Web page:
Pulpit sired 63 stakes winners, including 11 North American Grade I winners. Among them are Power Broker, Corinthian, Ice Box, Pyro, Sky Mesa, Stroll, Purge and Tapit.


Notacatbutallama will make his dirt debut for owner Mike Repole and trainer Todd Pletcher in the $80,000 one-mile Damon Runyon for 2-year-olds at Aqueduct on Sunday.

He broke his maiden by 61⁄2 lengths on the turf in his second start at Saratoga before finishing fourth to the Chad Brown-trained Balance the Books in the Grade II With Anticipation.

Notacatbutallama was second to another Chad Brown horse, Noble Tune, in the Grade III Pilgrim, then won two straight stakes, the Incurable Optimist at Belmont Park and the Super Mario at Aqueduct.

“He’s worked better on the turf, but this time of year, you want to figure out if they can transfer their form to dirt,” Pletcher assistant Whit Beckman told the New York Racing Association. “It’s an exper­iment to see if he can run on dirt. If he runs credibly enough, he can have a nice winter campaign. Maybe we’ll look at the Gotham and some of the other [Kentucky Derby] preps down the road.”

There will be a comparable stakes for juvenile fillies on the card, the East View.

Kelli Got Frosty is the 1-2 morning-line favorite off a New York Stallion Series win at Aqueduct on Nov. 11.


San Pablo is also a heavy favorite at Aqueduct this weekend, at 3-5 in today’s Queens County at nine furlongs.

He finished up the track in the Jockey Club Gold Cup, but otherwise has three wins by a combined 11 lengths in his last four starts for Pletcher and Burning Sands Stable, most recently the Swatara at Penn National.

San Pablo won the Birdstone at Saratoga by three lengths over Isn’t He Perfect, then beat Toby’s Corner in the Grade III Philip Iselin at Monmouth.

Juvenile fillies will take the spotlight at Hollywood Park in the Grade I Hollywood Starlet, where Executiveprivilege could still stake a claim for an Eclipse Award with a win.

Except for a second by a length to Beholder in the Breeders’ Cup Juv­enile Fillies, the Bob Baffert-trained daughter of First Samurai is undefeated, including Grade I wins in the Del Mar Debutante and Chandelier at Santa Anita.

Also on the Hollywood Park card, Inglorious is the 5-2 favorite in the Grade II Bayakoa.

The Woodbine-based filly skipped a chance to win the 2011 Canadian Triple Crown to run in the Alabama, and was sixth.


Jockey Calvin Borel needs two winners to reach 5,000 for his career. . . .

Kid Kate, a multiple stakes winner for Dell Rodge Farm and Brown, apparently hasn't been retired, after all. Last Saturday's Garland of Roses at Aqueduct, in which she finished second, was supposed to be her final start, but she's entered in the Jameela at Aqueduct on Wednesday. . . .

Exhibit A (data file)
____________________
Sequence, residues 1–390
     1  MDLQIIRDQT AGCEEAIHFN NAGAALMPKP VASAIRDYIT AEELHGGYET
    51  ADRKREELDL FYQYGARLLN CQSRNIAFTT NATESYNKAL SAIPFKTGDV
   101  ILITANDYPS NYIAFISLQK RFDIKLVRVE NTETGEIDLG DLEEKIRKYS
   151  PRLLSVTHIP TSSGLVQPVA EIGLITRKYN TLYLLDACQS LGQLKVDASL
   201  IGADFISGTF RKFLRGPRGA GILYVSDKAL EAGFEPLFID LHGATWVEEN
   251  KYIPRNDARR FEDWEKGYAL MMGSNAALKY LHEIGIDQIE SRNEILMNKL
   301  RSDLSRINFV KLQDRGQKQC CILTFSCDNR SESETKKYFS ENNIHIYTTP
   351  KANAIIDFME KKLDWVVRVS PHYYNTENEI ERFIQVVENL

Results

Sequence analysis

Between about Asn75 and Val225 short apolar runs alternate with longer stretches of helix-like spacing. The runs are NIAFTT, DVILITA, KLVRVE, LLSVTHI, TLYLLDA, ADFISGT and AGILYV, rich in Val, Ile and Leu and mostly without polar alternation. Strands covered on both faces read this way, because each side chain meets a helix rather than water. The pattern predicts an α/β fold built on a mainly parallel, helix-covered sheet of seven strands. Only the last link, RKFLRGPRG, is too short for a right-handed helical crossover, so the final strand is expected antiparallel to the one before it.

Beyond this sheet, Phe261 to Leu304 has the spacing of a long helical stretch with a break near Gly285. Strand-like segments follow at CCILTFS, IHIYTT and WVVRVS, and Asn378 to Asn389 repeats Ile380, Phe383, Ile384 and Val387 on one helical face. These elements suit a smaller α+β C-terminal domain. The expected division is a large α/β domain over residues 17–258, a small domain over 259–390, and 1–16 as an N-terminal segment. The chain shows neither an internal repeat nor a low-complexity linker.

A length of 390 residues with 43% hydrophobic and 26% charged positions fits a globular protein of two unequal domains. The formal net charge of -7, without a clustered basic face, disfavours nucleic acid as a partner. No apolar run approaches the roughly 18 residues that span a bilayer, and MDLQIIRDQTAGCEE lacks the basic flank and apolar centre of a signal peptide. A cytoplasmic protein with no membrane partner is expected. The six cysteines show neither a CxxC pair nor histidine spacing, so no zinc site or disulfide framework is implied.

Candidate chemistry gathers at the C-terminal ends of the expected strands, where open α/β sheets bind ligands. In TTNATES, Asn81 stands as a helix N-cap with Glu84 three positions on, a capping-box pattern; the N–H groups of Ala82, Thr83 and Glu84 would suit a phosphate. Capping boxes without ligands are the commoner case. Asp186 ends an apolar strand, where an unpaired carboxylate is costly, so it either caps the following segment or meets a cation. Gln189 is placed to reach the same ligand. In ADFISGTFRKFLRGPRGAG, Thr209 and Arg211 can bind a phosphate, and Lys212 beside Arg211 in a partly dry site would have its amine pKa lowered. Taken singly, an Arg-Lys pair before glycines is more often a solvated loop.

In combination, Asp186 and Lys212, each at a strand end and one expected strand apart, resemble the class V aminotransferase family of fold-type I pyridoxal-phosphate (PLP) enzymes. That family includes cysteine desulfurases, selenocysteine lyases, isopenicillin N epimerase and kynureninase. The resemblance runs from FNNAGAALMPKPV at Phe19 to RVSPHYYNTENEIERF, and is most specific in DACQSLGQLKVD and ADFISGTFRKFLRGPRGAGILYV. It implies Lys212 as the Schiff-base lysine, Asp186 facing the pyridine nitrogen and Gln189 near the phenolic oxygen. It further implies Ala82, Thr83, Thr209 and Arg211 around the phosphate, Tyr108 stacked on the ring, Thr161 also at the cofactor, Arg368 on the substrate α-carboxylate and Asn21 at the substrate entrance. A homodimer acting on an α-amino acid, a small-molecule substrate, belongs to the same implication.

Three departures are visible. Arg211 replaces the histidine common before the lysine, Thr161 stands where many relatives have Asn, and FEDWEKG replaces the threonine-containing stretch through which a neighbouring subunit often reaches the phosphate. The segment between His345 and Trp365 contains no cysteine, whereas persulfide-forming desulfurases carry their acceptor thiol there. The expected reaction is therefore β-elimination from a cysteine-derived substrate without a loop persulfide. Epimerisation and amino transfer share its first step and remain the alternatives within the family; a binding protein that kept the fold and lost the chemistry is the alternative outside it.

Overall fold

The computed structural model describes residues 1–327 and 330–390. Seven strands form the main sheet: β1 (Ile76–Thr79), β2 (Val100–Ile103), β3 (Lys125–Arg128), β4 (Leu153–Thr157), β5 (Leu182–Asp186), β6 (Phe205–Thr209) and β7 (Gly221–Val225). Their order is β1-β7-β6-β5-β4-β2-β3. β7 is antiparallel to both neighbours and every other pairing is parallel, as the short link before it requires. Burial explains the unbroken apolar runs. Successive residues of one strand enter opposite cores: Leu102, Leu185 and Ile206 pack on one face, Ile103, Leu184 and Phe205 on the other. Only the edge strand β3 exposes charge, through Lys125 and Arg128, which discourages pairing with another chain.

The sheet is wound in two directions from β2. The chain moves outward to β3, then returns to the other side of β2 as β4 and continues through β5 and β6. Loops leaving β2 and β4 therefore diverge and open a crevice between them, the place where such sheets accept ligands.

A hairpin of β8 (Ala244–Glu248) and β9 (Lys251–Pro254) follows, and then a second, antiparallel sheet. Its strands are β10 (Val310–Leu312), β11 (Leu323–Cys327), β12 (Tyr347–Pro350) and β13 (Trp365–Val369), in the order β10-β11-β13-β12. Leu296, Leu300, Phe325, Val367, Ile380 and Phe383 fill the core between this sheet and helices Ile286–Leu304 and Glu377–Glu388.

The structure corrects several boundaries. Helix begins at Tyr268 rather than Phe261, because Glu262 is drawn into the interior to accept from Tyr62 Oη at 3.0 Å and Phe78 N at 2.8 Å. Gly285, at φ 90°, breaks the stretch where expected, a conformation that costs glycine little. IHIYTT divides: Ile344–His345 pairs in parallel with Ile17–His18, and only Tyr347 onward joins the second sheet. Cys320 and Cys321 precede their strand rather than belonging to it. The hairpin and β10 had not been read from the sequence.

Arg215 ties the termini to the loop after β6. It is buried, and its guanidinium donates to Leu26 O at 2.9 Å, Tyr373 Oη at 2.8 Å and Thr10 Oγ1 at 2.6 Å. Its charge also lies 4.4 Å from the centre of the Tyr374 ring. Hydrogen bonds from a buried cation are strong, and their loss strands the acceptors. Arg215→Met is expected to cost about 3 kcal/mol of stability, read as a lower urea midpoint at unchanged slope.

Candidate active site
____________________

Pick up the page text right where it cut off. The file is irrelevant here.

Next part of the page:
Cinnamon Beach ($17.20) surged through an opening on the rail and pulled away for a 41⁄4-length victory

over Washington’s Rules on Friday in the $69,000 allowance feature at Aqueduct.

A 5-year-old trained by Phillip Scott, Cinnamon Beach snapped a 10-race losing streak with his third win in 24 starts. Irad Ortiz, Jr. was aboard for the 11⁄8 miles in 1:51.81. . . .

Freud, New York’s leading sire by graded-stakes winners and turf earnings in 2012, will stand in 2013 for the same $10,000 stud fee as he did in 2012.

Among his top earners this year were Hessonite, who won the Irish Linnet and Yaddo at Saratoga and the John Hettinger and Ticonderoga at Belmont, and Lubash, who won the West Point at Saratoga and the Ashley T. Cole at Belmont.

He stands at Sequel Stallions New York near Hudson.


Online voting is now open for the third annual Secretariat Vox Populi Award.

Created by Secretariat’s owner Penny Chenery, the Vox Populi, or “Voice of the People,” Award recognizes the racehorse whose popularity and racing excellence best resounded with the public and gained recognition for the sport during the past year.

This year’s nominees initially were Frankel, I’ll Have Another, Royal Delta, Shanghai Bobby and Wise Dan, but, fittingly, an impromptu wave of public support led to the addition of Shackleford and Paynter as candidates, too.

“This year’s contest will be espec­ially interesting because our committee and our fans will be choosing our winner from such a variety of contenders, each with a unique background and career path,” Chenery said in a release. “Recognizing excellence in performance and individual contribution to racing ideally transcends our differences and unites us in the goal of furthering the sport.”

The winner will be selected on the equally weighted basis of the public online poll; consensus from the Vox Populi Committee; and input from Chenery. Voting in the online poll, which can be found at, ends Sunday, Dec. 23, with the award present­ation to the 2012 winner scheduled for Dec. 29 at Santa Anita Park.